In today’s modern world things are easily obtainable, people prefer instant gratification. If a married couple is not happy, instead of working things out, they seek instant gratification and an end to their misery which is a divorce. I believe marriage vows are not taken as seriously today as they were in past generations. When children are involved with a divorce the stakes go much higher. A divorce is a life changer for children, their lives become less stable and more disruptive. Instead of sleeping in the same comfortable bed every night, they often find themselves torn between two homes and two people that have a great dislike for one another.
Through out this discussion the reader has seen the effects of divorce on children. These effects are primarily shown in three areas of the childrens lives. These three areas are emotionally, physically, and
Most researchers look at how children react and are effected when they experience parental divorce. Divorce is looked at as something “bad” for everyone who is effected by the situation. Divorce in the United States has the highest rate in the world. Over one million people a year get divorced and sixty percent of those divorces effect children (article 2). At the time of the divorce it seems like a horrible experience but, people never think about what would happen if the marriage stayed the way it was. Couples get divorced for many different reasons it could be because there was abuse, fighting, cheating and even if the couple was just no longer in love. “Children appear to be better off in cases in which the divorce substantially reduces
In the topic of divorce, it seems as if the functionalist perspective explains it well. Most of the people get a divorce because they are unhappy within the marriage. If the couple continued to be married it could cause more problems such as affairs, theft, depression, etc., therefore ruining the society’s stability. Both individuals would be happier and there would be fewer dysfunctional families. Through the functionalist perspective, the idea of divorce is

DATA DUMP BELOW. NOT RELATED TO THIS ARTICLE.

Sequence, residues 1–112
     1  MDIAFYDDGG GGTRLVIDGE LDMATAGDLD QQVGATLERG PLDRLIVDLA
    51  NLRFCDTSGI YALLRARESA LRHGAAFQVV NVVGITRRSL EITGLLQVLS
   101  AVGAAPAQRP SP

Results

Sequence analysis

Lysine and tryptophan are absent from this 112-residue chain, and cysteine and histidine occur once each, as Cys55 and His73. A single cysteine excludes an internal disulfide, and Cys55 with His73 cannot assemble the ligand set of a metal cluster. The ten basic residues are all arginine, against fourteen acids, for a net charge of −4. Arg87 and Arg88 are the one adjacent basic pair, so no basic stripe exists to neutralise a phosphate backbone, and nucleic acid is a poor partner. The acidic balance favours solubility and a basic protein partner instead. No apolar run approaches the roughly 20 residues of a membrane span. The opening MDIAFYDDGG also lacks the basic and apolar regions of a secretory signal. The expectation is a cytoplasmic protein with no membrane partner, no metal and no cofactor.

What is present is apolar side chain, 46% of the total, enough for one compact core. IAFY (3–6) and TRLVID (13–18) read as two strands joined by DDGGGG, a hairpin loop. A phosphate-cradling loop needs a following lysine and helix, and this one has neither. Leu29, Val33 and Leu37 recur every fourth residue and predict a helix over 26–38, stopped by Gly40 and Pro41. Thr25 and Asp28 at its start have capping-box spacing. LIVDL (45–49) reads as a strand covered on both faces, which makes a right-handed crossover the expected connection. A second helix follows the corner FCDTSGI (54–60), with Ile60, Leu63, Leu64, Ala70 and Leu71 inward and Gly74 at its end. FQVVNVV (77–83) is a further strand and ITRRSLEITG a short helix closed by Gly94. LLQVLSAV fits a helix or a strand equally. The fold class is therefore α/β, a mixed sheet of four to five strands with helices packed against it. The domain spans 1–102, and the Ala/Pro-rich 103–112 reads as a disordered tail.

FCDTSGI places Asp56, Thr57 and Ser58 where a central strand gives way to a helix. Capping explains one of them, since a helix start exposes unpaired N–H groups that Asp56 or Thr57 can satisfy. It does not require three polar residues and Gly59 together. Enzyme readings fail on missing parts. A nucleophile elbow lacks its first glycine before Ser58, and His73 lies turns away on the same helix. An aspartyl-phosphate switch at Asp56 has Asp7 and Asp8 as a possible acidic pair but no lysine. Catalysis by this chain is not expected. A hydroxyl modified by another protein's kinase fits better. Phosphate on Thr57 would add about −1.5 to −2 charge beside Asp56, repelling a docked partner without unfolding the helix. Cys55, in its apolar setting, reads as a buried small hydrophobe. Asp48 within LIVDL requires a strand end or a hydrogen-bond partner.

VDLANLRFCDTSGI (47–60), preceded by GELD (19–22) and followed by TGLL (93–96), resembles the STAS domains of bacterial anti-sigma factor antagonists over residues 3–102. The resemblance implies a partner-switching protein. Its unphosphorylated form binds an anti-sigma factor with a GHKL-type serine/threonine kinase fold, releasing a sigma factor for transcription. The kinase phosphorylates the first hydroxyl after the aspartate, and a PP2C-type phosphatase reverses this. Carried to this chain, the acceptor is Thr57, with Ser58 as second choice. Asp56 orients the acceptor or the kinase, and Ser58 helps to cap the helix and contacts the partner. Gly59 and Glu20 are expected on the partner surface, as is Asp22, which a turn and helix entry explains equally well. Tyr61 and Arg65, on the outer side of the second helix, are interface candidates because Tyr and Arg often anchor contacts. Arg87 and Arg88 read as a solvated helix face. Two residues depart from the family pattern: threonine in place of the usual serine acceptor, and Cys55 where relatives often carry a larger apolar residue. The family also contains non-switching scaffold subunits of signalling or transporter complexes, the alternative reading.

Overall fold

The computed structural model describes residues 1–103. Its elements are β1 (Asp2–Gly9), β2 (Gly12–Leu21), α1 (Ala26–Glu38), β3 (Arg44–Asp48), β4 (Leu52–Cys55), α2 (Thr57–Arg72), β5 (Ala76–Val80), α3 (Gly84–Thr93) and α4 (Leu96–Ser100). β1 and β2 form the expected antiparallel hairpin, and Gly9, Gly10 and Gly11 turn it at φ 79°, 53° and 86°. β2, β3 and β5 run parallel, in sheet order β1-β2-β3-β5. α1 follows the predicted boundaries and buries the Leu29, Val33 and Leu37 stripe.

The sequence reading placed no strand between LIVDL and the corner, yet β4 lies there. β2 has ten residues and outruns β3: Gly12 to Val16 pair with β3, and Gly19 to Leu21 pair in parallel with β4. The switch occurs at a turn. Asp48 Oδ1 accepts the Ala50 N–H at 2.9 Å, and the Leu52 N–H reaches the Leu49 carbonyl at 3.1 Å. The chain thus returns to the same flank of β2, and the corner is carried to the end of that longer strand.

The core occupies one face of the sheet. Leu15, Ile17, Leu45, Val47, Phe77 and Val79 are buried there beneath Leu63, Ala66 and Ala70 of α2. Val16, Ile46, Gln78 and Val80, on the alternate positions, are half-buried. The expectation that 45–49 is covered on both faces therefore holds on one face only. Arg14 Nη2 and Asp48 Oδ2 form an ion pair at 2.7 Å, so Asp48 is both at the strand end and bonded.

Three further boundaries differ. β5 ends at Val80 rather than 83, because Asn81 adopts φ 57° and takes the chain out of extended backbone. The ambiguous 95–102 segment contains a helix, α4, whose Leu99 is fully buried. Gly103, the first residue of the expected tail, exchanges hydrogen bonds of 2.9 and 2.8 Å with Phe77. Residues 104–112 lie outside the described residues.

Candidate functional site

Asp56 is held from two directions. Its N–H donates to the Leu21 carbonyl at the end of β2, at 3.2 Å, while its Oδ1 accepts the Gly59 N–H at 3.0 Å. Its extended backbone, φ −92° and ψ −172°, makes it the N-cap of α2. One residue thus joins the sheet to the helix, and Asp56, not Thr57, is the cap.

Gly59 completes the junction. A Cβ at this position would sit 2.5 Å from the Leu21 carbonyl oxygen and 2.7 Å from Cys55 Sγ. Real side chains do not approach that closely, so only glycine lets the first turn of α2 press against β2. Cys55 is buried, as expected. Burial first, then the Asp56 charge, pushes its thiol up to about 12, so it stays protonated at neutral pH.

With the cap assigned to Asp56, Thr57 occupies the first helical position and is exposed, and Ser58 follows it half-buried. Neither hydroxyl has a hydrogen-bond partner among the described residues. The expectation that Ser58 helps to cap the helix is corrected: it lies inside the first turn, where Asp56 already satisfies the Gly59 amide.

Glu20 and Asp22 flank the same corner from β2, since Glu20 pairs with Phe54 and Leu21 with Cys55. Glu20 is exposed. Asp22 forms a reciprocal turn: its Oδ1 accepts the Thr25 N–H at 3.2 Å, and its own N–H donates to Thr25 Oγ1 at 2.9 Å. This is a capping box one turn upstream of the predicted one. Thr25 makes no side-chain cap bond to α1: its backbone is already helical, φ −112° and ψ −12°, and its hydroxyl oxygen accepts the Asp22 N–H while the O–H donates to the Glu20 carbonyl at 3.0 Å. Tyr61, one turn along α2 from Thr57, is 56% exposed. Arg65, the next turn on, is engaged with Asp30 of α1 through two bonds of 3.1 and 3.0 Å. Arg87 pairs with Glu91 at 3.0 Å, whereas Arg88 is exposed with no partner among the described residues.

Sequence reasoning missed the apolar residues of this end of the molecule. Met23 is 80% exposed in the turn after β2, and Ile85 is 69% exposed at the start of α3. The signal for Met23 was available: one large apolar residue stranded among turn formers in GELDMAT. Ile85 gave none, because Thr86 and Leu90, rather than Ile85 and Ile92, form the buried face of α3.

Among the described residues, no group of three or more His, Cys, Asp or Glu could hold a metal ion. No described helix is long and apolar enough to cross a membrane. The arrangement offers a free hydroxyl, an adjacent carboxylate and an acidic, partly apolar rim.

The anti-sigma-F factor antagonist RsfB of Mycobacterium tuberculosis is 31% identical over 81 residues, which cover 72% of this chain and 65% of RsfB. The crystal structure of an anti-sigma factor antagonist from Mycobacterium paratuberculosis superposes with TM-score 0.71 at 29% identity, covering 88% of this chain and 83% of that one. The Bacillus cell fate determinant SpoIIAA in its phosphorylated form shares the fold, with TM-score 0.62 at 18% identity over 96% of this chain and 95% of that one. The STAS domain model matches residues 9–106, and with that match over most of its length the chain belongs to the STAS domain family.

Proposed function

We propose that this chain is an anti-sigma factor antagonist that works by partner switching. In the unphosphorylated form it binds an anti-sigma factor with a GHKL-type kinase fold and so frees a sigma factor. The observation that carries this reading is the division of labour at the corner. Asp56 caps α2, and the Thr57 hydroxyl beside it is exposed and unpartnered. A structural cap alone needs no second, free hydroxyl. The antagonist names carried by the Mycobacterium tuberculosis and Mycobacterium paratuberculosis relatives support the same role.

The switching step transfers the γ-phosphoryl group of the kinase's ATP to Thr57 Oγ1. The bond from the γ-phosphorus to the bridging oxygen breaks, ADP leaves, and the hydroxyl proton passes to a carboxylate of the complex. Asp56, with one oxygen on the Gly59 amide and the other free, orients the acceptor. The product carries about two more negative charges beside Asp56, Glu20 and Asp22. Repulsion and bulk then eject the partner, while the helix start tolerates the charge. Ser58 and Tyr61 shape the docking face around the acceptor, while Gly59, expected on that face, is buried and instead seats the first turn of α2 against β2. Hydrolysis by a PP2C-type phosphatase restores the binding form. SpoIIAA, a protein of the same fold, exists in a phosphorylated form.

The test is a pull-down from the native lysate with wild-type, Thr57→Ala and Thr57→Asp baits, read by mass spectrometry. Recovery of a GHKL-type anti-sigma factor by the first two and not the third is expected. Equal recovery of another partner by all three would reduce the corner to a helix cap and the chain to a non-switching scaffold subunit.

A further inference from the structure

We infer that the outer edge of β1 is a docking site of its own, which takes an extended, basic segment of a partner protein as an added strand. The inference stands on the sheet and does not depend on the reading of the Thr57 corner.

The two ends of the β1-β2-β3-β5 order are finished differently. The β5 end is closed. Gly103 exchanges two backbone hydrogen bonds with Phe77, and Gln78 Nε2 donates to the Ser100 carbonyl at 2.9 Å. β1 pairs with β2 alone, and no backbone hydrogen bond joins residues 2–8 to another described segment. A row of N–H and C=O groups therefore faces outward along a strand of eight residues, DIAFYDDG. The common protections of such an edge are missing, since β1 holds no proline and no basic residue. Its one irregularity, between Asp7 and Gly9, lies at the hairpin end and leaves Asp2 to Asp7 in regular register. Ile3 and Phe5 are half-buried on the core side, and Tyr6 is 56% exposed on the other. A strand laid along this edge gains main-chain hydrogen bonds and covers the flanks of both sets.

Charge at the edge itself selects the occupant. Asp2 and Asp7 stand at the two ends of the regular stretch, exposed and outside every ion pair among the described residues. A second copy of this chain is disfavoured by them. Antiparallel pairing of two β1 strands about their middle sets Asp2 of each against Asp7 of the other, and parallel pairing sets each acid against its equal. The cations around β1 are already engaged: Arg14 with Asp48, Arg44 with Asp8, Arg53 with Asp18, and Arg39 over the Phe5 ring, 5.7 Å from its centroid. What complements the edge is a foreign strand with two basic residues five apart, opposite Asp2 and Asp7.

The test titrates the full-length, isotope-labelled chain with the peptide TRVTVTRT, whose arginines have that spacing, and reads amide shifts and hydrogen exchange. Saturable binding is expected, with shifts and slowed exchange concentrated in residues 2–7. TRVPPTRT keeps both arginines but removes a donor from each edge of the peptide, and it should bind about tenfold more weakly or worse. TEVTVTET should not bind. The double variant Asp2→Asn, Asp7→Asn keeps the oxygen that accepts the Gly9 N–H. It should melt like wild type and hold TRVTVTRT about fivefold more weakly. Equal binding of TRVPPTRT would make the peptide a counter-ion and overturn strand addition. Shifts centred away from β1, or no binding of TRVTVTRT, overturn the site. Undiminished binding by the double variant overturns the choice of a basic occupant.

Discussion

Janet Shansky of Iona college wrote this intellectual article about some major theories within divorced families. These theories have the potential to explain the connection between parental divorce and negative outcomes for the children. These include, but are not limited to, the "marital disruption" theory, the "reduced resources" theory, and the "parental conflict" theory. Shansky takes a deep look at all of the research that went into these theories and how they explain the adverse effects of divorce on children. Another aspect of her article is how these significant theories can be put to use in intervening future students and children from having such a hard time with this major change in their life.
Sociologically speaking divorce from structural functionalism point of view is seen as a failure of society as compared to individual faults. The view has a macroscopic lens that sees that society should provide adequate education and guidelines to couples making their marriages suc-cessful. This can be done by effectively communicating with each other, creating harmony and consistency among partners. Symbolic/social interactionism view divorce as an individual deci-sion by two people influenced by their social habits and environment. The view is of microscopic nature because all it comes down to is choices made by an individual deriving from their interac-tions in the society. In most societies divorce is an expensive procedure as it involves